Even in a group of similar houses there will be variations in the heating requirements between houses: some houses will be unoccupied during the working day, others with small children, or pensioners, may have higher heating loads during the day. IHT can meet these variations in demand successfully – and meter the use of heating in different buildings.
The combined benefits make Interseasonal Heat Transfer an attractive option for offices, schools and universities, hospitals, community centres, urban and suburban housing developments, industrial developments and private houses aiming for low energy use based on solar power.
Heat Networks Investment Project
BEIS has appointed Triple Point Heat Networks as its HNIP delivery partner. Applications for grants and loans to support new investment in heat networks – or extensions to existing heat networks – from both the private and public sectors are now being reviewed.
The 92 page HNIP Application Guidance was published in December 2018. A summary of the key points from the document:
- HNIP aims to promote a heat network market to contribute to decarboniation of the UK energy system
- grants of up to £5 million are available – to cover up to 50% of capital cost of construction
- the grants are for heat network sponsors or owners
- networks must provide heating or cooling to more than one building
- distribution of thermal energy by fluid at any temperature (includes ambient temperature networks)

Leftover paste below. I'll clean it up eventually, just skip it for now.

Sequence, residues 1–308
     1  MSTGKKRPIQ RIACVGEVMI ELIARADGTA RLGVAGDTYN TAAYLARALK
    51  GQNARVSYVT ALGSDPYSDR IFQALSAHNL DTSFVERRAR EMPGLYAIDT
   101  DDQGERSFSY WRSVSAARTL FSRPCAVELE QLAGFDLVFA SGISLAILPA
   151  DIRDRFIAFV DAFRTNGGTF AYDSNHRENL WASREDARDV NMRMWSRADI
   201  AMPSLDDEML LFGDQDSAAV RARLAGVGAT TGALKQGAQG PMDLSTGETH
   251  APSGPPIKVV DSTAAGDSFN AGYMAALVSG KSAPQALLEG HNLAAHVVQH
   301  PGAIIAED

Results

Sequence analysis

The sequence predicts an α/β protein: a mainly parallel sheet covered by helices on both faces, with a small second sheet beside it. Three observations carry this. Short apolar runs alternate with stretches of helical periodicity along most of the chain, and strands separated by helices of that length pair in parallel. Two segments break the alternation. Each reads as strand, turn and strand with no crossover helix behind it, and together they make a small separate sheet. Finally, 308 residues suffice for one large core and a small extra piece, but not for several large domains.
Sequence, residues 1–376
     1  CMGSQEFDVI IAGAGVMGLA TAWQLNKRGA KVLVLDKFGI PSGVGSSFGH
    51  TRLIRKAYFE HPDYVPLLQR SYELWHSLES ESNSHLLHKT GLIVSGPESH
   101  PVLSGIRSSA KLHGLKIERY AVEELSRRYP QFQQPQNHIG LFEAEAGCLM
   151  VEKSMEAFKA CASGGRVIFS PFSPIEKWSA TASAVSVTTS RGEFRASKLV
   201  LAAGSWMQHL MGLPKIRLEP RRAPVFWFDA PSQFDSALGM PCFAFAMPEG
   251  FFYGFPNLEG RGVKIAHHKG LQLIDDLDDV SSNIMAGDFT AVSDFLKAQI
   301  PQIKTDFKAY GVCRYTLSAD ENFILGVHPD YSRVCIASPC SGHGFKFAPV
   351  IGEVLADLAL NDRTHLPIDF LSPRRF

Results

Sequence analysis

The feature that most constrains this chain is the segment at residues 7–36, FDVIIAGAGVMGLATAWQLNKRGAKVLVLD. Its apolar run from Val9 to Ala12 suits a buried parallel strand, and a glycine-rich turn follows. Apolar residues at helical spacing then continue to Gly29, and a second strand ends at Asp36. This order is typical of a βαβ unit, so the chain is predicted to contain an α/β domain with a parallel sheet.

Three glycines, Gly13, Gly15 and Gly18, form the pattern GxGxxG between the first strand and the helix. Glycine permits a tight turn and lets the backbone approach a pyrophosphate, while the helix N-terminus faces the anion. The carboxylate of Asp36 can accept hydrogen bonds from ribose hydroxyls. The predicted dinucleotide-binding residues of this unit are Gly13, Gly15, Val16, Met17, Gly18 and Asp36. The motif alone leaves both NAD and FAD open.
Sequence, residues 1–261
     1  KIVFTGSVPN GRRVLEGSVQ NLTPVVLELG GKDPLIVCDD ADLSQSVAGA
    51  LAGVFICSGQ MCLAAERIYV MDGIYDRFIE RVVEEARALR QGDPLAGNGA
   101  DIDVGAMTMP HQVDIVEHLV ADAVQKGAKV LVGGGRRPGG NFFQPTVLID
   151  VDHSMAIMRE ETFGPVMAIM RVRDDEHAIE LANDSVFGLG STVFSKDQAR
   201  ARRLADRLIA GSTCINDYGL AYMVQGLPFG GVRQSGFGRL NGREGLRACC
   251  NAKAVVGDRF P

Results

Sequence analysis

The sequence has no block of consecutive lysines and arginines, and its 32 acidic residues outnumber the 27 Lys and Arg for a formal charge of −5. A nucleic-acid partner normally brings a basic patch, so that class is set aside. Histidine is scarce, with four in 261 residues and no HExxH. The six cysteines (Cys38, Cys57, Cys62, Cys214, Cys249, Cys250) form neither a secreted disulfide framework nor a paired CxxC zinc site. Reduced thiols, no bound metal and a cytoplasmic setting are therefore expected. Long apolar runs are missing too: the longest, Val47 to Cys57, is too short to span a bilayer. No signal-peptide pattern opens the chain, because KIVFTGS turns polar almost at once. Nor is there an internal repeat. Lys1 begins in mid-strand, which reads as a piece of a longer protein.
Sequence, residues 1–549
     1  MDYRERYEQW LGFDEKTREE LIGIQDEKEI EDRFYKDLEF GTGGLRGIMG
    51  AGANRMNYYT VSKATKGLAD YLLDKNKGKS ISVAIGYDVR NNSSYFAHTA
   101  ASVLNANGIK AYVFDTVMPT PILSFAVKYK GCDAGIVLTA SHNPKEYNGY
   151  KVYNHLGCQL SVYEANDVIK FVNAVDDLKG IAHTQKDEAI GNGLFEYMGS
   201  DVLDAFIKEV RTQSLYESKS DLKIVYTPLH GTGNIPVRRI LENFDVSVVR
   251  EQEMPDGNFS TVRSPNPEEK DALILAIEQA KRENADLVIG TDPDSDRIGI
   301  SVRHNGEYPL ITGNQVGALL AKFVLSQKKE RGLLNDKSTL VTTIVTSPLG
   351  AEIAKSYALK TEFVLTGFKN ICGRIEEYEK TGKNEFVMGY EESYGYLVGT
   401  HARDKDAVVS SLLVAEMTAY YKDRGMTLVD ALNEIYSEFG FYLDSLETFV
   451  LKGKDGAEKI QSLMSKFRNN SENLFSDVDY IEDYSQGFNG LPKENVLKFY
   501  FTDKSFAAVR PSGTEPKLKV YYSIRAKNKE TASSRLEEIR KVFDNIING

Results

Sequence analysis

- must deliver carbon savings
- must show positive Social Net Present Value (cost and benefits of project including value of carbon saving and avoided air quality damage)
- BEIS will also consider strategic heat networks (eg including low temperature distribution, thermal storage or demand side response)
- networks should have no technical, contractual or economic impediments to expansion
- applicants should follow recognised codes of practice for design and consumer protection
- projects should show positive financial returns before support from HNIP to attract funding
The full HNIP Application Guidance can be seen here.
The HNIP grants would be ideal for helping to set up a new Fifth Generatiion Heat Sharing Network, or extending an existing network based on ambient temperature heat distribution with a heat pump in each building on the network.
If you would like help in planning a new Balanced Energy Network then you give us a ring on 020 7482 5704.